Fermi Gamma-ray Space Telescope

Kanazawa-SAT^{3}: Microsatellite-borne X-ray Transient Localization Experiment Searching for Electromagnetic Counterparts of Gravitational-wave Sources

Tatsuya Sawano
(Tatsuya Sawano, Daisuke Yonetoku, Tatehiro Mihara, Makoto Arimoto, Kazuki Yoshida, Yasuaki Kagawa, Kaichi Ota, Yusuke Takao, Daichi Suzuki, Koga Miyao, Shota Watanabe, Hirokazu Ikeda)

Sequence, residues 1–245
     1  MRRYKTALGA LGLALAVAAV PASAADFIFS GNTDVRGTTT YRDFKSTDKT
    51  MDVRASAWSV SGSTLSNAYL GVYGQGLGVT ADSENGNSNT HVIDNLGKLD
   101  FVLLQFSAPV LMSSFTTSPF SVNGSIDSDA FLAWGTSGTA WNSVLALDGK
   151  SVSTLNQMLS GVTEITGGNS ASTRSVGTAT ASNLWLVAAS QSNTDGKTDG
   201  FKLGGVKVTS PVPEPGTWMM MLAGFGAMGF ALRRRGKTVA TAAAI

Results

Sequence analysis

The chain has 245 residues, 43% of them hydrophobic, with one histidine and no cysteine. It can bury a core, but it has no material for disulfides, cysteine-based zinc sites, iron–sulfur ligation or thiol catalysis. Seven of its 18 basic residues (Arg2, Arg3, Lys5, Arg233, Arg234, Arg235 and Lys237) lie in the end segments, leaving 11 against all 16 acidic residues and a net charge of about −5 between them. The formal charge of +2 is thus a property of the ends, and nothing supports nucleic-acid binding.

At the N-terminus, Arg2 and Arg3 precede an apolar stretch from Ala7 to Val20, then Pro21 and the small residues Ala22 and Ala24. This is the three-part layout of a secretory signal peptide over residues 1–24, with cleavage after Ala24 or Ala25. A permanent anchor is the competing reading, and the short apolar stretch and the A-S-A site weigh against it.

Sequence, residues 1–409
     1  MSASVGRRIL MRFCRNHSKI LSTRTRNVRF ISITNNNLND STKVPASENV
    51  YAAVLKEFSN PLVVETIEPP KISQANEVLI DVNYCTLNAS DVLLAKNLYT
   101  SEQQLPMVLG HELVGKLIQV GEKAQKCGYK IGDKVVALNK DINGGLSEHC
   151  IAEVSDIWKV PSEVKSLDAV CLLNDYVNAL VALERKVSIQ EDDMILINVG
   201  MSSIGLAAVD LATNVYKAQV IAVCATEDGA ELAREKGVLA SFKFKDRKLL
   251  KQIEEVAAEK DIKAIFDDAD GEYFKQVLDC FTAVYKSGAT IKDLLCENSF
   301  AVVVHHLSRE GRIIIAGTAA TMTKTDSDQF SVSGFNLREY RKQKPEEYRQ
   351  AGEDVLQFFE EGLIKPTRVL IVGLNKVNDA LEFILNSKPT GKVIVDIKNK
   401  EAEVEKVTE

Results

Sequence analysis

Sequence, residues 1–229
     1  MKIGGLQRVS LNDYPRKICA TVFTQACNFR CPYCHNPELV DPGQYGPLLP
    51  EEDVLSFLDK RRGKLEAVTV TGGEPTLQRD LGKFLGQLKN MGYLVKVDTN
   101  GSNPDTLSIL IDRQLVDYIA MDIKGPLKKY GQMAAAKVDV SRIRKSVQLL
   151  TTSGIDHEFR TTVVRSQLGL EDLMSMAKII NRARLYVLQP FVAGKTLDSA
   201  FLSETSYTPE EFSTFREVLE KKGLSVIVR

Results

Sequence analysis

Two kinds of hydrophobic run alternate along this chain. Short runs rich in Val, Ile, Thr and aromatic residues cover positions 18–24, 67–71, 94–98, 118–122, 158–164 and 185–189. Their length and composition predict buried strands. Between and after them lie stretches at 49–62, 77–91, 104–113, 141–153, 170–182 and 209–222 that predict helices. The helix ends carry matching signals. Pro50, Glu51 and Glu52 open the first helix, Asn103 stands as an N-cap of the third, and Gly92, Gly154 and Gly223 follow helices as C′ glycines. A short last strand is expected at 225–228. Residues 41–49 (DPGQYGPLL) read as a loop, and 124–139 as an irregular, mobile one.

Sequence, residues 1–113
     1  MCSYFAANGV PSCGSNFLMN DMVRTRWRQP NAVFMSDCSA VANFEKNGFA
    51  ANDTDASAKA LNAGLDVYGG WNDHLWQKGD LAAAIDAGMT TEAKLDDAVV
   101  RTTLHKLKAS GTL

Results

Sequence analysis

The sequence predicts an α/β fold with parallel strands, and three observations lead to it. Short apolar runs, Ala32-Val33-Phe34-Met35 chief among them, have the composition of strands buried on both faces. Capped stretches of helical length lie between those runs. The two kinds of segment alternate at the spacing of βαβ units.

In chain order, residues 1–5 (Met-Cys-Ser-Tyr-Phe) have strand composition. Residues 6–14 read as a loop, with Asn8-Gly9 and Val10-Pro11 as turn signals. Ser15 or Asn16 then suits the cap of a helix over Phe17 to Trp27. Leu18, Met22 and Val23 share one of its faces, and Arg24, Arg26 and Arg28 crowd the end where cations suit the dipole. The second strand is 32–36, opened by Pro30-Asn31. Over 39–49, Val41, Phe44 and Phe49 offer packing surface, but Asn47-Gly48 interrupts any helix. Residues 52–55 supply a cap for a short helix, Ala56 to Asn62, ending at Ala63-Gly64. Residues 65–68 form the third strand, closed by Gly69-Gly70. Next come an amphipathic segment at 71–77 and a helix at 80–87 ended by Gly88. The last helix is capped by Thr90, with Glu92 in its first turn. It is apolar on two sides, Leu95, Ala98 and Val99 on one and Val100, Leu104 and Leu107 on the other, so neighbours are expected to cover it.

Coalescences of binary neutron stars are thought to promising candidates of progenitors of short duration gamma-ray bursts, like GW 170817/GRB 170817A. In such a context, they emit not only a gravitational wave and a prompt gamma-ray emission with an energy of ~ MeV, but also possibly X-ray extended emission, optical/NIR macronovae, and even GeV gamma-rays. To discuss the whole picture of those events, localization information in early phase is essential to follow-up observations for narrow filed telescopes. Therefore, we have been developing a 50-kg-class microsatellite, named Kanzawa-SAT^{3}, and its objective is to detect X-ray transients and alert the trigger time and coordinates of those transients to promote follow-up observation of gravitational-wave sources. We plan to launch it in about 2020. There are two mission instruments aboard the satellite. The one is a wide field X-ray imaging detector, named T-LEX, based on a coded aperture system with a FoV of 1 sr, a localization accuracy of 15 arcmin, and an energy range in 2 - 20 keV. The other is a small gamma-ray detector, named KGD, with a scintillator and SiPMs. So far, we have developed a thermal structure model of the bus system and a flight model of T-LEX. In this talk, we introduce the mission concept and report the current status of the development.